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Friday, February 14, 2020

Supreme Court Justice Michelle Keller Administers Oath of Office to Governor, Lt. Governor

Supreme Court Justice Michelle Keller administers Oath of Office to newly elected Governor and Lt. Governor, The Fort Mitchell resident was the first woman to hold seat on Kentucky Supreme Court.

Supreme Court Justice Michelle Keller administers Oath of Office to newly elected Governor and Lt. Governor, The Fort Mitchell resident was the first woman to hold seat on Kentucky Supreme Court

While numerous northern Kentuckians attended the inauguration of Governor Andy Beshear in Frankfort, one Ft. Mitchell resident played a key role in the day’s events.

As the clock struck midnight on Inauguration Day, Kentucky Supreme Court Justice Michelle Keller, a longtime Fort Mitchell resident, administered the Oath of Office to both Governor Beshear and Lt. Governor Jacqueline Coleman.

“It was an incredibly special and meaningful moment in front of their respective family, friends, and staff,” says Justice Keller. “The ceremony was held in the Governor’s mansion, which was beautifully decorated for the Christmas holiday, and the whole evening had a magical quality about it. The quiet and peaceful transfer of power in democracy is a magnificent thing to behold.”

Justice Keller had known the newly-elected Beshear through his father Steve, who had served two terms as Kentucky’s governor, and as well as through his work in arguing several extremely important and well-known cases before the court in his role as attorney general.

“However, with Jacqueline Coleman, our Lt. Governor, I felt like I was administering the Oath to a good friend,” says Keller. “I had known the Lt. Governor for several years before she became Governor Beshear’s running mate, as Jacqueline was heavily involved in mentoring young women and developing female leaders, a passion we share.”

Justice Keller resides in Fort Mitchell with her husband, Dr. James Keller, and its where they raised their two daughters, Brenna and Olivia. She’s been a “Kenton County girl” all her life, having been born and raised in Erlanger.

 “When Jim and I were married, our first home during law school, and his residency, was in Park Hills,” says Justice Keller. “After finishing both those endeavors, and with our second daughter on the way, we built a home in Crescent Springs. We had both always admired the homes in Fort Mitchell, especially in the older part of the city, and when a friend of ours told us about a home for sale on Summit Lane we jumped at the opportunity to look at it. That was 24 years ago, and we have been working on our home on Summit Lane ever since!”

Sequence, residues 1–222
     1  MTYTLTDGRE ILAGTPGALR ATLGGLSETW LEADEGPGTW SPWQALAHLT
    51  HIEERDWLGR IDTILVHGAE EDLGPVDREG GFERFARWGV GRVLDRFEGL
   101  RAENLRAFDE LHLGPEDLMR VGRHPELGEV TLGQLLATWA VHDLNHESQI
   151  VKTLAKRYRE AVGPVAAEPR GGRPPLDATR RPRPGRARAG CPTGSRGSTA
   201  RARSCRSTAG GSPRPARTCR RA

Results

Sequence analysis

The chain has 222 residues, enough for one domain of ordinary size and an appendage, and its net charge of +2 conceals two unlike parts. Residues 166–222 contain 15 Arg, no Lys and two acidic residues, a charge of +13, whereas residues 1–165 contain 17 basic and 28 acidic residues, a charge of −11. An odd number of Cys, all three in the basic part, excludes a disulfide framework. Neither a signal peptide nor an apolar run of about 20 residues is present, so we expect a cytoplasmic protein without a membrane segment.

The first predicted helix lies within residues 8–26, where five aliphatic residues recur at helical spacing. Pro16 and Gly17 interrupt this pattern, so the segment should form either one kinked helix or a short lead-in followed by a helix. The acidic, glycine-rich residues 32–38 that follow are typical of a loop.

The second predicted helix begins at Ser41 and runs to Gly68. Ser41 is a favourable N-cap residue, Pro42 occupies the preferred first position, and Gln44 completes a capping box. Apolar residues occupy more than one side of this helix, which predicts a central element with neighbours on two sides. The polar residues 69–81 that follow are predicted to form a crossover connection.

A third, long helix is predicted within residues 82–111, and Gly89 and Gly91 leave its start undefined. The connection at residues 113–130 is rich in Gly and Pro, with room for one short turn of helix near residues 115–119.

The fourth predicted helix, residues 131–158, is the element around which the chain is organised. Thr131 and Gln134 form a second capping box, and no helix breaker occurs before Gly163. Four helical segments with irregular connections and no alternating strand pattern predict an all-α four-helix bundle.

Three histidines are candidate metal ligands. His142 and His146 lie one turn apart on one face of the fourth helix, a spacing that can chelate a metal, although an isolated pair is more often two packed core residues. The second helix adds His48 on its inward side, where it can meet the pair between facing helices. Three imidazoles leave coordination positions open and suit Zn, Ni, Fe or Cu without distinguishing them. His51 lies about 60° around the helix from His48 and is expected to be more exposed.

The Kellers enjoy living in an older home, which Justice Keller acknowledges requires “patience, money, love and skill, and sometimes, it’s difficult to muster all those at once!” She and Dr. Keller have enjoyed raising their daughters in the neighborhood where she says they enjoyed good friendships and the benefits of small-town life just minutes from downtown Cincinnati.

Kellers rise to the Kentucky Supreme Court is something she says she credits to her family and friends.

“I had the honor of following another Fort Mitchell resident, Wil Schroeder, to the Kentucky Supreme Court,” says Justice Keller. “I sit in the seat he sat in on the bench, and before him, that seat was occupied by retired Justice Don Wintersheimer. I am honored to follow both these great judges, and also to be the first woman, as well as the first Chase College of Law alumnus to hold a seat on the Kentucky Supreme Court.”

The legal work of the court – researching, analyzing, and writing the law – is what Justice Keller finds incredibly rewarding.

“We have a chance to help mold and shape the law when it is appropriate to do so, and the cases that come before us are the most significant in the Commonwealth,” says Justice Keller.

In addition to rendering Opinions, Justice Keller points out that the justices of the Court perform many other duties, and it was in that capacity that she had the opportunity to administer the Oath of Office at midnight on Inauguration Day to both Governor Beshear and Lt. Governor Coleman.

“As a justice on the Court, I have the opportunity to administer the Oath many times to new attorneys as they are admitted to the Bar for the first time, and to elected officials, and board members at all levels,” says Justice Keller. “I am always quick to remember that no matter what the office or the occasion, it is an extremely important and special moment for that person, and I try my best to make it special for them.”

Justice Keller wears many hats on the Supreme Court, including Chair of Kentucky’s statewide Access to Justice Commission as well as Chair of the Criminal Rules Committee.

“I spend a lot of time on the road covering the 6th Appellate District, and dividing my time between here and the Capitol in Frankfort, where our Court sits,” says Justice Keller. “I am always a great deal and I could not do it without the love and support of my family and tremendous staff. Kathy Riesenberg is my judicial assistant, and I’ve known her almost my whole life. I am blessed with a talented law clerk, Jenn Brinkman, and, together, they keep me headed in the right direction.”

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